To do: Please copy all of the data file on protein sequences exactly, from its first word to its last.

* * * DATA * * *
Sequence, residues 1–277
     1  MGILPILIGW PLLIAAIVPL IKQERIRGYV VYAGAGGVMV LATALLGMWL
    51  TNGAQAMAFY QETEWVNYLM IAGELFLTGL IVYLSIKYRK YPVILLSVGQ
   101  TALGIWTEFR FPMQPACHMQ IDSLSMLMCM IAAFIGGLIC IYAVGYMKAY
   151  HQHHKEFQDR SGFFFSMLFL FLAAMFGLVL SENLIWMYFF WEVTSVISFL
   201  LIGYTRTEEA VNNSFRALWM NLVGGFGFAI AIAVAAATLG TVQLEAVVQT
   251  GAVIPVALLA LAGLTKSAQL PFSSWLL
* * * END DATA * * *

Sequence, residues 1–277
     1  MGILPILIGW PLLIAAIVPL IKQERIRGYV VYAGAGGVMV LATALLGMWL
    51  TNGAQAMAFY QETEWVNYLM IAGELFLTGL IVYLSIKYRK YPVILLSVGQ
   101  TALGIWTEFR FPMQPACHMQ IDSLSMLMCM IAAFIGGLIC IYAVGYMKAY
   151  HQHHKEFQDR SGFFFSMLFL FLAAMFGLVL SENLIWMYFF WEVTSVISFL
   201  LIGYTRTEEA VNNSFRALWM NLVGGFGFAI AIAVAAATLG TVQLEAVVQT
   251  GAVIPVALLA LAGLTKSAQL PFSSWLL